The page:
I had read “Djamila”, by the Kyrghyz poet Tchinguiz Aitmatov, and it made me dream of the kolkhozes lost in the steppes and of its peoples : Uzbeks, Kazakhs, Kyrgyzs, Karakapalks…
From 2002 to 2005, I managed to travel to the Aral region in Kazakhstan, Uzbekistan, on the banks of the Issyk Kul lake in Kyrgyzstan and in Xinjiang. “Loulan Beauty” is the story of people from the middle of the world, heirs of sunken kingdoms, of fishermen without a sea, of children who dance to bring back their parents who work far away, of Lola who dreams of America, of men who listen to the sands singing, of girls with a thousand braids, just like those found on Loulan, their four thousand year old ancestor.
The inspiration for the project came from the discovery of the “Loulan Beauty”, a 4,000 year old mummy unearthed in the Xinjiang Uighur Autonomous Region. Thanks to the extreme dryness and the preservative properties of salt, the corpse was remarkably intact - her eyelashes, the fine hair on her skin, even the lines on her skin were visible… all revealing Nordic origins through a telltale large nose, narrow jaw and reddish-brown hair.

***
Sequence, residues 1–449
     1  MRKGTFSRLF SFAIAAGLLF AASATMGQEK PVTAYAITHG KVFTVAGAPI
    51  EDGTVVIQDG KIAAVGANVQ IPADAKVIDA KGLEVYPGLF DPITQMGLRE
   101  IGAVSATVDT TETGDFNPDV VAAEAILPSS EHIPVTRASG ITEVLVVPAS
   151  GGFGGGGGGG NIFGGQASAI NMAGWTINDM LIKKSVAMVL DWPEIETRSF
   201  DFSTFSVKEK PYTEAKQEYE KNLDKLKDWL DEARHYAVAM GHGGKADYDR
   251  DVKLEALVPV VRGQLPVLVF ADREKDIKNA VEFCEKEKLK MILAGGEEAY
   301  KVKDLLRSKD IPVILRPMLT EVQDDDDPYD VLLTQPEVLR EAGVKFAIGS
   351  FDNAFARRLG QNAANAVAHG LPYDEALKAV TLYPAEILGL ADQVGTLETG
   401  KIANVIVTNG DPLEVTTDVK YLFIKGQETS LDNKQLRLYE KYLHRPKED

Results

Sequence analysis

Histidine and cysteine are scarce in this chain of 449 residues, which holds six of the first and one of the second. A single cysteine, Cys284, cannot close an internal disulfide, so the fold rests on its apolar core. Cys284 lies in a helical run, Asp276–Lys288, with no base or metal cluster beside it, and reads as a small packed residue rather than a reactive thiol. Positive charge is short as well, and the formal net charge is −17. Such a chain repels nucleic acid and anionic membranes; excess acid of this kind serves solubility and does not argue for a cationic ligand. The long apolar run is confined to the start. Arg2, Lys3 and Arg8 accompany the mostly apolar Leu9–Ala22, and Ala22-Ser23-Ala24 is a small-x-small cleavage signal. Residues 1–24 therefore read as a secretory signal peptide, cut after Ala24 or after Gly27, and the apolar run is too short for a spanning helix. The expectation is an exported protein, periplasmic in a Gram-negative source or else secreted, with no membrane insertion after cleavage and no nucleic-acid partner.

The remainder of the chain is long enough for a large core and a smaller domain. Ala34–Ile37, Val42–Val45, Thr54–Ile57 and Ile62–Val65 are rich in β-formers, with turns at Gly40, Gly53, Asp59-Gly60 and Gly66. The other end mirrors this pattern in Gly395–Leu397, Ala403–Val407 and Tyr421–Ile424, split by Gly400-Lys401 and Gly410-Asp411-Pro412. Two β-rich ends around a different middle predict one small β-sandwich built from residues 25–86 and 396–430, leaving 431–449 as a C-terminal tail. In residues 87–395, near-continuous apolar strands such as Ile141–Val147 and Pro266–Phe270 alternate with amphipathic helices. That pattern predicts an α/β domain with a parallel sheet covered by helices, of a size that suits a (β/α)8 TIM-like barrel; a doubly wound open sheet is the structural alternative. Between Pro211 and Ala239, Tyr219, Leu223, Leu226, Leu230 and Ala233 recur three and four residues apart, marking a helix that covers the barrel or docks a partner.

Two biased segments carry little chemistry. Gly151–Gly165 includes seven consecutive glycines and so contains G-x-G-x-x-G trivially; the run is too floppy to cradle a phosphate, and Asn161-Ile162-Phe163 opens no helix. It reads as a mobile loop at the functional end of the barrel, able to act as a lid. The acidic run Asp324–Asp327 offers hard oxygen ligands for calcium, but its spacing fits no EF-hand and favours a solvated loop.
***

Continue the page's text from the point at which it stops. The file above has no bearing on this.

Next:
The Loulan Beauty is one of more than 200 remarkably well-preserved mummies discovered in the western deserts here over the last few decades. The ancient bodies have become protagonists in a very contemporary political dispute over who should control the Xinjiang Uighur Autonomous Region.
[…]Uighur nationalists have gleaned evidence from the mummies, whose corpses span thousands of years, to support historical claims to the region.
The Tarim mummies seem to indicate that the very first people to settle the area came from the west — down from the steppes of Central Asia and even farther afield — and not from the fertile plains and river valleys of the Chinese interior. The oldest, like the Loulan Beauty, date back 3,800 years.
Some Uighurs have latched on to the fact that the oldest mummies are most likely from the west as evidence that Xinjiang has belonged to the Uighurs throughout history.